Study of surfactant–skin interactions by skin impedance measurements
The stratum corneum (SC) plays a very critical physiological role as skin barrier in regulating water loss through the skin and protects the body from a wide range of physical and chemical exogenous insults. Surfactant‐containing formulations can induce skin damage and irritation owing to surfactant absorption and penetration. It is generally accepted that reduction in skin barrier properties occurs only after surfactants have penetrated/permeated into the skin barrier. To mitigate the harshness of surfactant‐based cleansing products, penetration/permeation of surfactants should be reduced. Skin impedance measurements have been taken in vitro on porcine skin using vertical Franz diffusion cells to investigate the impact of surfactants, temperature and pH on skin barrier integrity. These skin impedance results demonstrate excellent correlation with other published methods for assessing skin damage and irritation from different surfactant chemistry, concentration, pH, time of exposure and temperature. This study demonstrates that skin impedance can be utilized as a routine approach to screen surfactant‐containing formulations for their propensity to compromise the skin barrier and hence likely lead to skin irritation.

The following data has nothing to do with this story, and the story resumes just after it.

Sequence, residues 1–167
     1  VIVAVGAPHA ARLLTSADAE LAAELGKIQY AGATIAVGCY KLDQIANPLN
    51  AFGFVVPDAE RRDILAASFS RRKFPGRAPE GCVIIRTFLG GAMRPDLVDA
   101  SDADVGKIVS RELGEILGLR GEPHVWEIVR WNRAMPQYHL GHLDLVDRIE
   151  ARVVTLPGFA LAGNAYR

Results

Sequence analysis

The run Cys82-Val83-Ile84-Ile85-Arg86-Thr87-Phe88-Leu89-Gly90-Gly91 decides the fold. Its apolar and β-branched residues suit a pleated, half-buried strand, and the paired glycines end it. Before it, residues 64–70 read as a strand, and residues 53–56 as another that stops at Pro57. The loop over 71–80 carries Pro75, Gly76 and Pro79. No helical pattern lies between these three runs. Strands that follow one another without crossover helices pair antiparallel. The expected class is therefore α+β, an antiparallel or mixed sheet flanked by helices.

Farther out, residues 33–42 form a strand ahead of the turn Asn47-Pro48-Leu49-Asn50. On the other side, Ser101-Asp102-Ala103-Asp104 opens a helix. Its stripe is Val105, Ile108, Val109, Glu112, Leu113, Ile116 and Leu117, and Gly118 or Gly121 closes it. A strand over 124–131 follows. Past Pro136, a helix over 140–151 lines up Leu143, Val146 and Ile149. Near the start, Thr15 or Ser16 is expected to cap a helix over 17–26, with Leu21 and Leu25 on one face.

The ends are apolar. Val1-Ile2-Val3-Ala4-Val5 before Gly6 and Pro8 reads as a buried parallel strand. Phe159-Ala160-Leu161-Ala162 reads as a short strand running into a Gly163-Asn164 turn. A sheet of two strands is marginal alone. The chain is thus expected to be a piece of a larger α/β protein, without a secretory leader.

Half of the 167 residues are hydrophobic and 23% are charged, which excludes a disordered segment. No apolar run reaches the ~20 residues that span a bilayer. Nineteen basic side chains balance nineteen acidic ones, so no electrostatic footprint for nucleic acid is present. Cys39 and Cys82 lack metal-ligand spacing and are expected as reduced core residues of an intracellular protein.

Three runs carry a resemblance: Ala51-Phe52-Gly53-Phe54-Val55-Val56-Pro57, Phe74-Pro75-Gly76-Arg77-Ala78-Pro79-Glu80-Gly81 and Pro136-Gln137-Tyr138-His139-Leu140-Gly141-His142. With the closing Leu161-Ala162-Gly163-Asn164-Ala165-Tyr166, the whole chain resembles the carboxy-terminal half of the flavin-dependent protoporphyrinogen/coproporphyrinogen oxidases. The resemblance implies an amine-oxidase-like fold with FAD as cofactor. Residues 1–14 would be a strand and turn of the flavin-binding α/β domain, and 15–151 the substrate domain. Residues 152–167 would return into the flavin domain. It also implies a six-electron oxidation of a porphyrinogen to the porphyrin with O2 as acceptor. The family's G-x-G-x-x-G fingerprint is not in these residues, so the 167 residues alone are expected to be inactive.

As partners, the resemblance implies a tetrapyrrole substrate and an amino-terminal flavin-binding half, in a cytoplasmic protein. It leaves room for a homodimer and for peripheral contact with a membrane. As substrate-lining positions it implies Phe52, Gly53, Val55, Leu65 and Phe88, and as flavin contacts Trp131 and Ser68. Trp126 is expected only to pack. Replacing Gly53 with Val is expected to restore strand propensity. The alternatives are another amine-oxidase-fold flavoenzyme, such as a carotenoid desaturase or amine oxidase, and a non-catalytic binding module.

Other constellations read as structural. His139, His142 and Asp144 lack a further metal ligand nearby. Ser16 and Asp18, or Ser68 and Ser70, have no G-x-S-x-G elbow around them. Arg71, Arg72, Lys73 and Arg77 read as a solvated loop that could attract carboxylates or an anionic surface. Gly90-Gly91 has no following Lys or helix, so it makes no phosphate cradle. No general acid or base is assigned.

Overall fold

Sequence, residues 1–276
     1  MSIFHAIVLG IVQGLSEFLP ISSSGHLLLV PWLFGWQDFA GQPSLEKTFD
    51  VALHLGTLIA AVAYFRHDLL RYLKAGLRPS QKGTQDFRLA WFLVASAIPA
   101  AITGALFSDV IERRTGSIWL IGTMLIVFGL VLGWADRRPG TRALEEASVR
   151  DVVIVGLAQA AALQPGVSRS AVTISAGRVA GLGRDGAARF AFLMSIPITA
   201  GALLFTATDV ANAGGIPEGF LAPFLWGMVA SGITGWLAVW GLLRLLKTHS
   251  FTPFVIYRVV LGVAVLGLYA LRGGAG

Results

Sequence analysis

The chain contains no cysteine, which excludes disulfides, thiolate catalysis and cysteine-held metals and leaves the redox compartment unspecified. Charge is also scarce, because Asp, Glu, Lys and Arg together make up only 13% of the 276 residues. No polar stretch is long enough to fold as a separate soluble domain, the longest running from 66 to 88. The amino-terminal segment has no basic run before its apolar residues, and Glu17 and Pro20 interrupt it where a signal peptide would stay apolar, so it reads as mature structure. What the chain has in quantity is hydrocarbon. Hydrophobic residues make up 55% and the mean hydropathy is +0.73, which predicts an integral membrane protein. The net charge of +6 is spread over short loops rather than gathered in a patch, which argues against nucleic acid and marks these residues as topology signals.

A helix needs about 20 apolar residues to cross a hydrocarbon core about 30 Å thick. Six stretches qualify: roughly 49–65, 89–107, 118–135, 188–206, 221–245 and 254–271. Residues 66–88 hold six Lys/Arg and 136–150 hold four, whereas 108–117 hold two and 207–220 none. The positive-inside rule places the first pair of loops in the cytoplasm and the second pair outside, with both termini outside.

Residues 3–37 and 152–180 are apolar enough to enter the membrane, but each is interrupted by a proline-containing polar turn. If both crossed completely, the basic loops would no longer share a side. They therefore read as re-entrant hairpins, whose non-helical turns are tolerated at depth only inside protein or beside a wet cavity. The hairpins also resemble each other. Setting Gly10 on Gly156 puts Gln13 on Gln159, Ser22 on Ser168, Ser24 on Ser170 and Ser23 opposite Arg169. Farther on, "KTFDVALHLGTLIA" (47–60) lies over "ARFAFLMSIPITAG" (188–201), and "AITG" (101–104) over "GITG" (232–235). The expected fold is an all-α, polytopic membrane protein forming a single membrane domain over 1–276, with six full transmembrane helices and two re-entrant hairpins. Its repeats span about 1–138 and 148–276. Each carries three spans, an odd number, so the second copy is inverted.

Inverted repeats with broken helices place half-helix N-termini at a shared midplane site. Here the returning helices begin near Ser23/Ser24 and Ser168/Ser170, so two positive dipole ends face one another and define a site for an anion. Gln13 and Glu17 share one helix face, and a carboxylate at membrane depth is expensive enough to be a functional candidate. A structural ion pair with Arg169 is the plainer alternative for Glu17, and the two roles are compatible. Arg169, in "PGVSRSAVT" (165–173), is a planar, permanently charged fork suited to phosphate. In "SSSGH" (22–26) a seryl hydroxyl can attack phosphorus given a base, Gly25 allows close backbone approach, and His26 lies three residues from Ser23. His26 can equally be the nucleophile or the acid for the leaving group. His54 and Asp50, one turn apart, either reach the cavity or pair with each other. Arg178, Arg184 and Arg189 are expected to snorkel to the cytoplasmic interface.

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Document Type: Research Article
Affiliations: Global R&D, International Specialty Products, 1361 Alps Road, Wayne, NJ 07470, U.S.A
Publication date: February 1, 2012